Closed Bug 1246056 Opened 8 years ago Closed 8 years ago

Intermittent APZCBasicTester.Fling | Expected: (pointOut.y) > (lastPoint.y), actual: 40 vs 40


(Core :: Panning and Zooming, defect)

Not set



Tracking Status
firefox45 --- unaffected
firefox46 --- fixed
firefox47 --- fixed
firefox-esr45 --- unaffected


(Reporter: philor, Assigned: kats)



(Keywords: intermittent-failure)


(3 files)

How you manage to have an intermittent failure only on Linux32 PGO I don't know; how you manage to have an intermittent failure that's around 1 in 25 hit on two first-runs on two Linux32 PGO builds in a row I also don't know. But I do know we're getting nowhere retriggering to find a push which started it.
I blame the PGO code generator. The gtests are single threaded and about as deterministic as you can get. On the other hand I've seen strange floating point inaccuracies creep into PGO builds that don't exist in non-PGO builds.
No, 1 in 25 - we retriggered 25 times on the build that first hit it, and didn't get another instance, we stayed closed for hours building PGO on rbarker's repush to blame it on that and triggered gtest 25 times and got it once. It's not the case that we intermittently produce a build which deterministically hits this, it's the case that a given build will intermittently hit this.
Oh, weird. The only source of nondeterminism I can think of that would explain this is if the PGO build is failing to initialize some variable properly, and depending on what value it picks up it fails or passes.
I guess the thing to do in that case would be to run the PGO build in valgrind and see if it catches anything.
Also just for the record if this *is* a regression the most likely change to have introduced it recently is bug 1236046, considering that the test simulates a fling which exercises the velocity computation code. But I did a pass over the relevant code and still don't see any reason why this should be nondeterministic. is Win7 debug, which should save some time chasing down PGO miscompilation.
I ran valgrind on this test in a local Linux debug build and it didn't turn up anything interesting. If it's not PGO miscompilation and it's not uninitialized read then I'm not sure where the nondeterminism is coming from. I'll think about it some more.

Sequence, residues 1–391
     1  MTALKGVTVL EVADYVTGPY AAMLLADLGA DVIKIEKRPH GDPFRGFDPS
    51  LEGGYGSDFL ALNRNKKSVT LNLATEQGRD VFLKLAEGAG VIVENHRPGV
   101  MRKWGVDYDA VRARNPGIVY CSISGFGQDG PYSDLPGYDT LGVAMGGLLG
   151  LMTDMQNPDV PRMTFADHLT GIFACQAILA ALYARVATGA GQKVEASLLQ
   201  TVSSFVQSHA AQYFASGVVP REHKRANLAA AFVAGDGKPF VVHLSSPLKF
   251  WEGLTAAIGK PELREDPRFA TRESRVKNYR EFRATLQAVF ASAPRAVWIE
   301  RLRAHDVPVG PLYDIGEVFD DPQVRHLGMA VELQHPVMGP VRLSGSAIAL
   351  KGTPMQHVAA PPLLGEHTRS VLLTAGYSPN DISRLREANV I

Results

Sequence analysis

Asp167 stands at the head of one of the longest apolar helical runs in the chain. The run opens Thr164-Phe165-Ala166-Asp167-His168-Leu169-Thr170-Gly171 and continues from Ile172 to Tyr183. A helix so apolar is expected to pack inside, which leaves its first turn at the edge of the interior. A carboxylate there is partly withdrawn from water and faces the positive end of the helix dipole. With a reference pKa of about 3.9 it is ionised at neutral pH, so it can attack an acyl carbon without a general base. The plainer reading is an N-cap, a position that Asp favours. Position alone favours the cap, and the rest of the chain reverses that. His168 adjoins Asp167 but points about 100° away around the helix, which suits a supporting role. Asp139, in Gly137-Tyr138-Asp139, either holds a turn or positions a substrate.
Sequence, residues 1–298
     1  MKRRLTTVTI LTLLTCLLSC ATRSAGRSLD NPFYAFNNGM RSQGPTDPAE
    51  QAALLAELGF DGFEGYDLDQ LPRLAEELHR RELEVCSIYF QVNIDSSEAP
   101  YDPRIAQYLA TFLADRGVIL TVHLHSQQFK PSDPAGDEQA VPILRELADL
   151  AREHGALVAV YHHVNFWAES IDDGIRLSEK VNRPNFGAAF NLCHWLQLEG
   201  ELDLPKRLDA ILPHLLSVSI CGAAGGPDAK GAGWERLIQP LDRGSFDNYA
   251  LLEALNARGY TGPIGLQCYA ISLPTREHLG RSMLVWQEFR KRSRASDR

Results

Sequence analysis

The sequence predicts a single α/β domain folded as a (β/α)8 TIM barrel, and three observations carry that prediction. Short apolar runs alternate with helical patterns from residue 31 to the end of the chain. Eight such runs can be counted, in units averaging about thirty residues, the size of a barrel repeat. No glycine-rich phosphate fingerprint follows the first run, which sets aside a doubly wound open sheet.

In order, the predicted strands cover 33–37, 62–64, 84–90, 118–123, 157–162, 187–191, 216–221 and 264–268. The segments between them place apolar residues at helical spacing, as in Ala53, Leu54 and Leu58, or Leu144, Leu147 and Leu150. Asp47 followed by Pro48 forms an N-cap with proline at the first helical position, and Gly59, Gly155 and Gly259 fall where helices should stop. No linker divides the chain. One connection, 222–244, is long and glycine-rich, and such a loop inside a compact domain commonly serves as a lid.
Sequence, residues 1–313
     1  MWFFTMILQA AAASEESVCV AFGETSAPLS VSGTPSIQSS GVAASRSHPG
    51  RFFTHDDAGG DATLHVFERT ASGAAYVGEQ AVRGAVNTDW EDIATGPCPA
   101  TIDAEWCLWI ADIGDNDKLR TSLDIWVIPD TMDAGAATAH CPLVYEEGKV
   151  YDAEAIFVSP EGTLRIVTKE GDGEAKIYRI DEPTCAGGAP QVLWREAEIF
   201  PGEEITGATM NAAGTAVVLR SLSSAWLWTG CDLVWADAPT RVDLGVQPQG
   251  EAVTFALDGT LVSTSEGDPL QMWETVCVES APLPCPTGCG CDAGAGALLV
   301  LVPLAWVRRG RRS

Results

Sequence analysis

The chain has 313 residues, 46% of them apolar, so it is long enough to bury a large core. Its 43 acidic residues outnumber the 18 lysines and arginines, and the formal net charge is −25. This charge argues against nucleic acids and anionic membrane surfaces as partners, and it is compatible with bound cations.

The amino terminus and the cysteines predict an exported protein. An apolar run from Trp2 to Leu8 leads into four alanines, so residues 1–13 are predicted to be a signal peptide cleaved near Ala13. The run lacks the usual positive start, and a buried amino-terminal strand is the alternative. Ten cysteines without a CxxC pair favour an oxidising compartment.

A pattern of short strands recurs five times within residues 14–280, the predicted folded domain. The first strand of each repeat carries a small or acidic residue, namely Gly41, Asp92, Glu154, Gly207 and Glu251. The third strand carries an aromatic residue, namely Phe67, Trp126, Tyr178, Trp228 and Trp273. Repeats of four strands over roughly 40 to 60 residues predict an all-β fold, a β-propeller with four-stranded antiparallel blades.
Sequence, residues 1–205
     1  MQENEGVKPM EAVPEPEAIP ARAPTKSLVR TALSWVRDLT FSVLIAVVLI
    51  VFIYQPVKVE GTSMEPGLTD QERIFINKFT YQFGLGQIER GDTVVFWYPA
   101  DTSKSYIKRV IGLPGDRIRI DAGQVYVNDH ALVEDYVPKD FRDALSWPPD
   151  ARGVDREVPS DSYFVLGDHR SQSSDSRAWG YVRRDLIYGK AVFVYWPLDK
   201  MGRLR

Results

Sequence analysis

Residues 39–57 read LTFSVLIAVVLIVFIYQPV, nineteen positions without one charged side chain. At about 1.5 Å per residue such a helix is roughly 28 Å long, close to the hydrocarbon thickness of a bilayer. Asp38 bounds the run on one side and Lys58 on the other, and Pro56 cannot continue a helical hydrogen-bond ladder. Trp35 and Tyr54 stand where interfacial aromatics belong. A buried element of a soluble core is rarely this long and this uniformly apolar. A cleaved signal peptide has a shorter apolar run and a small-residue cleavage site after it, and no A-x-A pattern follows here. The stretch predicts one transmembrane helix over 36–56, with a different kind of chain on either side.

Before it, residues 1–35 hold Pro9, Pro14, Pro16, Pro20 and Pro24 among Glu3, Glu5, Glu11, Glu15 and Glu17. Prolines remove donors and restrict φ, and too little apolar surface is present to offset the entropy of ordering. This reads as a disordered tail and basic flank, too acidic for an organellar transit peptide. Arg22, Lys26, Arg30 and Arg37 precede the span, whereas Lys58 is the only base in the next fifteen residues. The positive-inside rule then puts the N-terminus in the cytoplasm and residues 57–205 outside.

It's probably easiest for this to wait until we have docker linux debug tests and then we can run it locally under rr chaos mode and hopefully catch it.

The only other option I can think of is to get some more debugging output of what's going on.
Assignee: nobody → bgirard
I'm going to try to capture an RR replay. I ran into this bug making it difficult however:
I ran this gtest 1000 times with rr-chaos locally and couldn't repro the failure. However I was using a Linux debug build and maybe it only happens on Linux opt builds?
(Also I was running the single gtest in isolation, and maybe it needs to run as part the full suite)
I ran just the test and I also ran 'APZC*' for ~3000 cycles under Linux debug with rr+gecko chaos and it did not reproduce.
AFAIK this failure here doesn't come from a Linux PGO build. Can anyone confirm or deny?
Confirm, it's a regular Linux opt build. According to brasstacks it has happened on Linux opt, Linux pgo, and Windows 7 debug.
I did another 500 runs with an Linux opt build, APZCBasicTester.* and no repro.
I reproduced it after fiddling with some code manually. I'll debug.
Assignee: bgirard → bugmail.mozilla
The problem is that the MillisecondsSinceStartup call at [1] can return a negative value, because the implementation of that function uses GetStartupTime (which is lazy) and the MockContentController's time (which is initialized first). However it returns a uint32_t, so it really comes out as a really big positive number. If the negative value is < -5ms, the check I added at [3] trips, and so we enter the if condition when we shouldn't be, and that causes the failure.

I can fix this easily enough in the test framework by ensuring that the MCC's time is always >= GetStartupTime(), but I'm wondering if the code at [3] should be made robust to overflow as well. I'm leaning towards no because it's an implicit contract violation to be passing what is really a negative number as the uint32_t timestamp and I don't think production code will be hitting this in practice (but really who knows).

Applying this patch simulates the failure
A 10ms sleep in the right place also reproduces the problem.
Attachment #8719986 - Flags: review?(botond) → review+
Comment on attachment 8719986 [details]
MozReview Request: Bug 1246056 - Ensure that the MockContentController's timestamp is always >= GetStartupTime(). r?botond

That's a subtle bug - thanks for tracking it down!
Closed: 8 years ago
Resolution: --- → FIXED
Target Milestone: --- → mozilla47
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